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Face Geometry Detection using Python

January 10, 2022

We will leverage Face Mesh model from MediaPipe to detect landmarks on faces and apply some styling to it.


  • To follow along with this tutorial, you will need to have either Jupyter Notebook or Google Colab.

Google Colab has been used for this project.

Table of contents

The Face Mesh model

MediaPipe is a powerful open-source framework developed by Google.

It’s used in building cross-platform multi-modal applied ML pipelines. One of the models present in this framework is the Face Mesh model.

This model provides face geometry solutions enabling the detection of 468 3D landmarks on human faces.

The Face Mesh model uses machine learning to infer the 3D surface geometry on human faces. Utilizing the facial surface geometry has helped apply facial effects in AR applications.

Ever wondered how you’re able to wear fake sunglasses/hats on Snapchat? It’s models like this that enable such face-based AR effects.

To understand the face landmark model better, please read this research paper.

Building the Face Mesh model

Installing and importing the required dependencies

!pip install opencv-python mediapipe

We’ve imported the OpenCV and MediaPipe libraries.

OpenCV helps us access our image, while MediaPipe allows us to import and use the Face Mesh model in our notebook. After installing the two libraries, we need to import them into our notebook.

import cv2 #default OpenCV import code
import mediapipe as mp #default mediapipe import code

Let’s set up MediaPipe.

Mediapipe is a huge library that has a lot of functionalities. We only need to select the ones that we need.

We need to import the drawing utility to help draw all the 468 landmarks on the face. We also need to import the styling utility to help us add styles onto the face.

Finally, we will import the main face mesh model into our notebook.

mp_drawing = mp.solutions.drawing_utils #helps draw all the 468 landmarks
mp_drawing_styles = mp.solutions.drawing_styles #helps us add styles onto the face
mp_face_mesh = mp.solutions.face_mesh #main model import

Loading the image

from google.colab.patches import cv2_imshow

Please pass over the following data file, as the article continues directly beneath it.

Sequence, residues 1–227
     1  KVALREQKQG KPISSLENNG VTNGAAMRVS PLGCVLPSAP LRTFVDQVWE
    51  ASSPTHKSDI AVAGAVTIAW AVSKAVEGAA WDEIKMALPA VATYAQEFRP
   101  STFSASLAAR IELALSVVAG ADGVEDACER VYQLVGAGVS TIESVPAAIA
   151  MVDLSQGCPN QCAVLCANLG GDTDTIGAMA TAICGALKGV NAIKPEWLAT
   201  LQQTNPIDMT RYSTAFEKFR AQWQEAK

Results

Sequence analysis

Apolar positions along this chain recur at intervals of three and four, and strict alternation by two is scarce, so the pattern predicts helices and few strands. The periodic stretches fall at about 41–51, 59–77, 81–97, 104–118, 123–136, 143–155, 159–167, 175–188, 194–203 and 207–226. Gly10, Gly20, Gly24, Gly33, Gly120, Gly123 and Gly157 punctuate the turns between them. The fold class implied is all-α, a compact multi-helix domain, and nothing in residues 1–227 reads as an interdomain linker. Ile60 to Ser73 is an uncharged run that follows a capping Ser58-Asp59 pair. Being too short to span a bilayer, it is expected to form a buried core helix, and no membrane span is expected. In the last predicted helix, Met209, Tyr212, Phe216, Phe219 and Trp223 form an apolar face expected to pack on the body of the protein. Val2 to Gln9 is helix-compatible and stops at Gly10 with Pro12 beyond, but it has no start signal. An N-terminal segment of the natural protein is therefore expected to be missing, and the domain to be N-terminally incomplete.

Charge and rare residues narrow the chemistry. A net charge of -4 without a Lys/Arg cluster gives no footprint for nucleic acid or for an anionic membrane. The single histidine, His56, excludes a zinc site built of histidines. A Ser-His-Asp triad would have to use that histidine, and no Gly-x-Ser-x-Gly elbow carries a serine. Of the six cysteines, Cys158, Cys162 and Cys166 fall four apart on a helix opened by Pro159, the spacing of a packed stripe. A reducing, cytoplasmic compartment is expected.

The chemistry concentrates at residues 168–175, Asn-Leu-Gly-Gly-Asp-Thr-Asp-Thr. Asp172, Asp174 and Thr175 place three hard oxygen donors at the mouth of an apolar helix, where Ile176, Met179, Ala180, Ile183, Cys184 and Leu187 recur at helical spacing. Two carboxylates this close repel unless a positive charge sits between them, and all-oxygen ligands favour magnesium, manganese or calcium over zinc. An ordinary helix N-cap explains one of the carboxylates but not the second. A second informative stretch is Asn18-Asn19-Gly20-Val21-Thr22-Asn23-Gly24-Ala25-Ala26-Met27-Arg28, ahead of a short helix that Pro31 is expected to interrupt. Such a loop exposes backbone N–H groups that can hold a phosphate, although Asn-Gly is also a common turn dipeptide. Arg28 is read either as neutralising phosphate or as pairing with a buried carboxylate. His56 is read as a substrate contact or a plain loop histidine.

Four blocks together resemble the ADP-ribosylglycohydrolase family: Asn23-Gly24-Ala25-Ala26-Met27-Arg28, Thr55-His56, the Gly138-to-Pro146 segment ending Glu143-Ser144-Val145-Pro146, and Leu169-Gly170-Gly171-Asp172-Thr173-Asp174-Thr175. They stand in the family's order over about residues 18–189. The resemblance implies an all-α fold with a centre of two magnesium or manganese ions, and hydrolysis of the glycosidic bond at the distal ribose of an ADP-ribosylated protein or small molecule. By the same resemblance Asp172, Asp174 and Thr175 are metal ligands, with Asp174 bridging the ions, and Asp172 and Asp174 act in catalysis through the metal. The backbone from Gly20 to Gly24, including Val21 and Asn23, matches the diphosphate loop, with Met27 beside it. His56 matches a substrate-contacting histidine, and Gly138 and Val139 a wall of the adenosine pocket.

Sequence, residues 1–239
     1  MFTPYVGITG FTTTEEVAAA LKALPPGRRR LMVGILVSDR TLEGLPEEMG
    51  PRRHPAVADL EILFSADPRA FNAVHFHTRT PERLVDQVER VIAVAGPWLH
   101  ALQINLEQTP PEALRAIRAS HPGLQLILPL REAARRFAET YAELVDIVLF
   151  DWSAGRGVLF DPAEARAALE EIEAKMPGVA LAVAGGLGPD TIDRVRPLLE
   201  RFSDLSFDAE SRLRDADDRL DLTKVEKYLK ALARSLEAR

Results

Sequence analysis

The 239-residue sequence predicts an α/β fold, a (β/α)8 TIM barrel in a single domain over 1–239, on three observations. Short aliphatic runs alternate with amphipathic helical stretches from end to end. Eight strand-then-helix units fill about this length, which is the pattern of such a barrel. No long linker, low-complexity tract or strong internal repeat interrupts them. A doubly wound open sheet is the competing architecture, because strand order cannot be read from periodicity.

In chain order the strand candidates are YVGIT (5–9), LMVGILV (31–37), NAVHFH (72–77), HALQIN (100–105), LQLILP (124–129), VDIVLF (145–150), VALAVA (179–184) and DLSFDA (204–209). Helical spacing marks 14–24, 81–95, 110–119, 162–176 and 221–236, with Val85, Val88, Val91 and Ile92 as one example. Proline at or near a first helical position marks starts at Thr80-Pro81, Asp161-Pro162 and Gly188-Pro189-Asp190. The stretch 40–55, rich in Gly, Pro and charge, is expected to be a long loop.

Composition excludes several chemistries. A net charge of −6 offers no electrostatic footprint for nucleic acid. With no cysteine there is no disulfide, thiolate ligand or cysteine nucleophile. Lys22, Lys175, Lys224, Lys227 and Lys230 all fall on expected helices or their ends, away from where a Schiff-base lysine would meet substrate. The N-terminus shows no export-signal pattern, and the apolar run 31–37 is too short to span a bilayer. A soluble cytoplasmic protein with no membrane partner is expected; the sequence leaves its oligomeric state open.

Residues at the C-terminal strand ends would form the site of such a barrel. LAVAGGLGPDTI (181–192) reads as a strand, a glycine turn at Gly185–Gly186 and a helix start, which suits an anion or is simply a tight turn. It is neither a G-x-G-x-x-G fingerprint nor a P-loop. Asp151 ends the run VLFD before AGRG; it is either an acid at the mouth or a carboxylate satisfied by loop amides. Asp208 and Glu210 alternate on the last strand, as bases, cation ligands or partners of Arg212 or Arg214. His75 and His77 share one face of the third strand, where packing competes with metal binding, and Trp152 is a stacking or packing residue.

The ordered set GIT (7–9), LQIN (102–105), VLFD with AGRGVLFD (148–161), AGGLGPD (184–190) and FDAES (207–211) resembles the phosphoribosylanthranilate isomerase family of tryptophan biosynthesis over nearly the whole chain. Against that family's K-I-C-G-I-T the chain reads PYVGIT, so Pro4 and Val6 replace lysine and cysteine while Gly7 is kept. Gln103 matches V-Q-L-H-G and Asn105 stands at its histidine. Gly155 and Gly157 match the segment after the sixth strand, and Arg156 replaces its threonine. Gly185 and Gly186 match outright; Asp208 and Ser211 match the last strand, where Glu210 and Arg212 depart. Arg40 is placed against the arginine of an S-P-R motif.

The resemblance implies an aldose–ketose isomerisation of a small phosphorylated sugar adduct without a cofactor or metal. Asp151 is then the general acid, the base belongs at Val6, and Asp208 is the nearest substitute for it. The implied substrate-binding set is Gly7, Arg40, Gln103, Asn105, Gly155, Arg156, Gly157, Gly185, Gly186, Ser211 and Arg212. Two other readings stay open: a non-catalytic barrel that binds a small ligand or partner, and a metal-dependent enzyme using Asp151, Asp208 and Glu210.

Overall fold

image = cv2.imread("image.png")


Output image

Drawing the face mesh annotations on the image

drawing_spec = mp_drawing.DrawingSpec(thickness=2, circle_radius=2)

You can adjust the thickness and circle radius to any value you wish.

with mp_face_mesh.FaceMesh(static_image_mode=True, max_num_faces=3, refine_landmarks=True, min_detection_confidence=0.99) as face_mesh:
    image = cv2.imread("avatar.png")

The maximum number of faces to be detected is set to detect only one face by default. To detect more than one face in an image or video, you’ll need to change the max_num_faces parameter to your required number. We’ve set ours to three.

For the detection to be considered a success, the min_detection_confidence is used to indicate the confidence value needed. The allowed range is between ([0.0, 1.0]).

By default, this value is set to 0.5. Any detection values below 0.99 will not be considered successful. If above 0.99, it will be detected and applied to the image.

Next, we need to convert the image color format from BGR to RGB. This process ought to be done before the image processing begins. This is because OpenCV accepts the image format BGR by default. But MediaPipe only works with RGB images.

So using the cv2.cvtColor() function, we convert the image to RGB format.

    results = face_mesh.process(cv2.cvtColor(image, cv2.COLOR_BGR2RGB))

Let’s now print and draw the face mesh landmarks on the image.

    annotated_image = image.copy()
 for face_landmarks in results.multi_face_landmarks:
 print('facial_landmarks:', face_landmarks)

The code below applies the face mesh’s tesselation style to the image.

     mp_drawing.draw_landmarks(image=annotated_image, landmark_list=face_landmarks, connections=mp_face_mesh.FACEMESH_CONTOURS,

Face mesh contour styles are applied to the image in the code below:

     cv2.imwrite('/tmp/annotated_image' + '.png', annotated_image)


face_landmarks: landmark {
  x: 0.5070745348930359
  y: 0.5069379806518555
  z: -0.03871098905801773
landmark {
  x: 0.4806444048881531
  y: 0.46297627687454224
  z: -0.06519311666488647
landmark {
  x: 0.4889220893383026
  y: 0.477283775806427
  z: -0.03737092390656471

From these results, we can see that each landmark comprises three axes: the x, y, and z coordinates.

Remember, the model detects 468 3D landmarks on the face geometry. These coordinates are normalized to values ranging between 0.0 and 1.0. The depth of the landmark is represented by the coordinate z.

The depth’s origin is represented by the depth’s origin. Besides, the smallest z value represents how close the landmark is to the camera.

Finally, we use OpenCV’s imshow() method to see how these landmarks show on the image.



Annotated image with landmarks

With only a few lines of code, we’ve successfully drawn the face mesh annotations on the image.

The face geometry detection in this tutorial was performed on a static image, you could take the project a notch higher and try experimenting with it on a webcam video output.

You can find the code for this tutorial here.


The Face Mesh model can be vital in real-time face-based augmented reality (AR) effects. For example, once the model has drawn landmarks on the face, you could overlay sunglasses on an individual’s eyes or make the individual wear some nose ring, etc. The use cases are limitless.

Happy coding!

Peer Review Contributions by: Collins Ayuya